The opening of the new facility, which is 100% devoted to research while located in an immediate proximity to the University of Iowa Hospitals and Clinics, represents a new chapter in IIBI’s existence and adds 30,897 sq.ft. of new imaging research space to IIBI, for a total of over 37,000 sq.ft. dedicated to small and large animal, and human imaging. The new facility brings together small animal housing; 1 floor of small animal imaging with 10 scanner rooms, behavioral rooms, as well as research staff office space; and another floor devoted to human and large animal imaging and translational medicine research with 4 large scanner bays, cardiovascular imaging suite, LINAC radiation delivery bay, virtual/augmented reality visualization suite, subject preparation rooms, meeting rooms and student/postdoc office cubicles. Research faculty/staff offices (2,627 sq.ft.) are adjacent.
In the imaging space, a complete separation of human and animal access has been an important part of the programmatic design, animal and human research can be conducted simultaneously at different imaging bays with complete separation of access routes. Additionally, three of the four ground-level imaging scanner bays have been designed in a modular way with a removable wall to allow relatively easy way to install and/or replace whole-body imaging scanners as well as to allow installation of canners from different manufacturers. The fourth large scanner bay has been specifically designed for a 7T MR scanner which will be installed and operational in June 2014 – when the facility opens. Existing IIBI space in two adjacent buildings house a dedicated research 3T MR scanning facility (1,500 sq.ft.) and a dedicated dual-source CT scanning facility (1,800 sq.ft.). Additional 3,000 sq.ft. of computer-lab student cubicle space is available in a short walking distance. The IIBI facility is connected with a state-of-the-art Data Processing facility that houses file servers, compute-servers, data analysis clusters, and is connected to the IIBI space with ultrafast network connection (10 Gb/sec network speed).
The remaining 6 floors of the Pappajohn Biomedical Discovery Building house translational research wet labs and will be occupied by research programs that require animal and translational imaging support. Among other research groups yet to be determined, the following research groups will find their new home in the wet-lab space of the Pappajohn Biomedical Discovery Building: Diabetes Research Center, Pulmonary Airway Biology Center, Neuroscience Institute.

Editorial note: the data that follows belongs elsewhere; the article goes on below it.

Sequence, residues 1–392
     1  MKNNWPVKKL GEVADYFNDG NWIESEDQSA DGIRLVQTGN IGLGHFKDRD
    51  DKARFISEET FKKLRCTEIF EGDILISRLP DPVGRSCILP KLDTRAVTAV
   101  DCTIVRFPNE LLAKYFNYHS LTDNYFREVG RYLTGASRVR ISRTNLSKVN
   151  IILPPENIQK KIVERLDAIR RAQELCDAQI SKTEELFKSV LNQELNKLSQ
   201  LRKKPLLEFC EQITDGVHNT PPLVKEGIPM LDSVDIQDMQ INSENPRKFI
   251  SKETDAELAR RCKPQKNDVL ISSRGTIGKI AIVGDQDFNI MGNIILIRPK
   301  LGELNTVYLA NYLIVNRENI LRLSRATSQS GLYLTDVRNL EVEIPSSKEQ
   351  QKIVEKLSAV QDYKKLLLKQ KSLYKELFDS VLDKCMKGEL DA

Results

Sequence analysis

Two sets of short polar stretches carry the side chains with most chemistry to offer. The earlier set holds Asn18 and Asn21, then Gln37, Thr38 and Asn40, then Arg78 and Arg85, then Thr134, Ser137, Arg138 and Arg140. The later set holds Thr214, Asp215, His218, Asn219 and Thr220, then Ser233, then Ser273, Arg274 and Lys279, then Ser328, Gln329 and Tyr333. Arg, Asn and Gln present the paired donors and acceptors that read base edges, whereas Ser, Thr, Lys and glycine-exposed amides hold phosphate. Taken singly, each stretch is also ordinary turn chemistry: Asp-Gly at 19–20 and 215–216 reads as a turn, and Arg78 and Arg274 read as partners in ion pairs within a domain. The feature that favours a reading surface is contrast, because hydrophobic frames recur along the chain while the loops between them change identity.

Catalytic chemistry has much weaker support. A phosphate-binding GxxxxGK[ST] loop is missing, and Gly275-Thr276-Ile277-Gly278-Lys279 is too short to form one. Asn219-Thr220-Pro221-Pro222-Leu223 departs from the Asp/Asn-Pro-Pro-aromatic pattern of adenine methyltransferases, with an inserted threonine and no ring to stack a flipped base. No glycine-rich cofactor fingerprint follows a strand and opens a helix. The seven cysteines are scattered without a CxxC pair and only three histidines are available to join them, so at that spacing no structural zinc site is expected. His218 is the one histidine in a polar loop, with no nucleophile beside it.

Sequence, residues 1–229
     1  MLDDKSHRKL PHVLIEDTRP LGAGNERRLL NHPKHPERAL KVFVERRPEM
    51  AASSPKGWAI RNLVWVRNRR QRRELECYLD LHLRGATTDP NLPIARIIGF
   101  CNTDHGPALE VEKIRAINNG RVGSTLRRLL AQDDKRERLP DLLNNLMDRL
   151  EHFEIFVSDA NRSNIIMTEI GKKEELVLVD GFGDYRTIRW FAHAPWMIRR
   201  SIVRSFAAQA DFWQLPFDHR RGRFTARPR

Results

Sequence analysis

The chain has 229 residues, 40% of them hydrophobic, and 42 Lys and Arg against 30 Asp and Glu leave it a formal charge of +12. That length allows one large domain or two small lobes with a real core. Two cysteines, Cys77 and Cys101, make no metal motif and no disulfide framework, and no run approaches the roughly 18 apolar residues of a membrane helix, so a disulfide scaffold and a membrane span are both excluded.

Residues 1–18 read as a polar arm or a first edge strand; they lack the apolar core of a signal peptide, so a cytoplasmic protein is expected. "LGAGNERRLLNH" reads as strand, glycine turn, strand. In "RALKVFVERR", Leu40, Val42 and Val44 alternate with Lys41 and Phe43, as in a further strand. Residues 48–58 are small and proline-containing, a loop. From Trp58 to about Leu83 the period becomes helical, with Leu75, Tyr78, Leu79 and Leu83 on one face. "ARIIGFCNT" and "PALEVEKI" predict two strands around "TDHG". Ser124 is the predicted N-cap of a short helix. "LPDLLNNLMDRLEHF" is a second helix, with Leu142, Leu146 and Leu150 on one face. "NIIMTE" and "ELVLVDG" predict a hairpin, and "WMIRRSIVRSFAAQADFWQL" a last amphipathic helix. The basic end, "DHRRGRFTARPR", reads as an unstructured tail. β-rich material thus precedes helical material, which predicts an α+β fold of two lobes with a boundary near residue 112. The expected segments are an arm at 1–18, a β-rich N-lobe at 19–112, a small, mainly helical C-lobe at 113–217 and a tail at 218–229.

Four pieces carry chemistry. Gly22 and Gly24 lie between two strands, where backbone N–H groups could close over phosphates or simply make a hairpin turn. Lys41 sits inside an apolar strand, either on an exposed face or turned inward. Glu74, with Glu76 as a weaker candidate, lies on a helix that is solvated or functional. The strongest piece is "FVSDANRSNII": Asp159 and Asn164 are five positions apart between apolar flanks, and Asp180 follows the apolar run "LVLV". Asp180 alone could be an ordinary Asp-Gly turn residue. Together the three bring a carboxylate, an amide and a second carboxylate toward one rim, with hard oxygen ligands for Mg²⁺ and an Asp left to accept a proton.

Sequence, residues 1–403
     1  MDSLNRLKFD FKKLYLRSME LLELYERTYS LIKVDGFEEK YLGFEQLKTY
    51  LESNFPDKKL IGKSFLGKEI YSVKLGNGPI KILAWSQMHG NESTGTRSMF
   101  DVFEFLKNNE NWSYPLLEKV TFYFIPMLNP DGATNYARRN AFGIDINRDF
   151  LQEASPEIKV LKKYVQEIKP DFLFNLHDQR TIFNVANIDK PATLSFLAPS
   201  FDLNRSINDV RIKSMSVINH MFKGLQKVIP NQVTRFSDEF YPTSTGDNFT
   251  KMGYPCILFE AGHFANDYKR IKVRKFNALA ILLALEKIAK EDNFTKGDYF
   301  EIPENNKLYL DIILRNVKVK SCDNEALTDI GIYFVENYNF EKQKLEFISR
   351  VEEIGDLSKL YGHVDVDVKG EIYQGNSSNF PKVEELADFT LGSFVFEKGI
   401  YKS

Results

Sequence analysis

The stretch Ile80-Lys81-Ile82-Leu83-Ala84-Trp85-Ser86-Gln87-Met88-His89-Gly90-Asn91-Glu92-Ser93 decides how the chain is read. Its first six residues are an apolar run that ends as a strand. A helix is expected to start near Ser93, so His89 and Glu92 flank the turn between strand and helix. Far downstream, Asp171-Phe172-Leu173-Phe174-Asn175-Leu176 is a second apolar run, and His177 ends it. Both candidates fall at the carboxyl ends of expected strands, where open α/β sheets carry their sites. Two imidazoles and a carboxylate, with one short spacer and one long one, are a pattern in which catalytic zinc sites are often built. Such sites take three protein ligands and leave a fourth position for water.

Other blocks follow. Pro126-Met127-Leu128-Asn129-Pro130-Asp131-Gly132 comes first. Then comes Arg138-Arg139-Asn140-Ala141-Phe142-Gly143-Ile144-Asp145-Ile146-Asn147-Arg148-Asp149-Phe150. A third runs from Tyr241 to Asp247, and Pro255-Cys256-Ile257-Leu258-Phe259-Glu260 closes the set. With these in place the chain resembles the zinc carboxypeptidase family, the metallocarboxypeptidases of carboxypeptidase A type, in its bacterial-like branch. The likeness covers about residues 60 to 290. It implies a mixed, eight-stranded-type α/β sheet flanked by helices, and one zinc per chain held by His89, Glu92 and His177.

The University of Iowa has two centrally managed enterprise data centers containing dedicated space, power and cooling for University of Iowa Research and a third server room entirely dedicated to research computing. Altogether, these data center spaces are ultimately designed to deliver 1.2 megawatts of power and associated cooling with approximately 4,800 square feet of securely managed and maintained raised floor capacity for research computing. The newest of these data centers, the Information Technology Facility (ITF), is located on the University of Iowa Research Park campus and utilizes multiple-10 Gigabit Ethernet circuits along diverse physical paths to connect to both the main campus network cores and the local-to-campus alternative data center. Distribution networks within data centers are a combination of multiple-10 Gigabit Ethernet circuits to data center-class network gear, providing 1 Gigabit and 10 Gigabit Ethernet service, and via direct fiber (e.g., for fiber-channel storage). Research computing within each campus data center is segregated from university line-of-business networks to provide isolation and performance-tuning optimizations.
ITS Research Services manage High Performance Computing (HPC) resources available to UI researchers. The HPC system dubbed, Helium consists of 200, 8-core nodes with high speed Infiniband network connections and a combination of 24 GB and 144 GB memory nodes. Helium has a theoretical TFLOPS rating of 40. The University's newest HPC cluster, Neon, due to be operational in late 2013 will feature 157 nodes with a combination of 16 and 24-core processors and everything from 64 GB to 512 GB of memory. Neon's theoretical TFLOPS rating with processors and accelerators is estimated at 93. Both Helium and Neon are the result of researchers' pooling of funding in centrally managed and maintained HPC environments.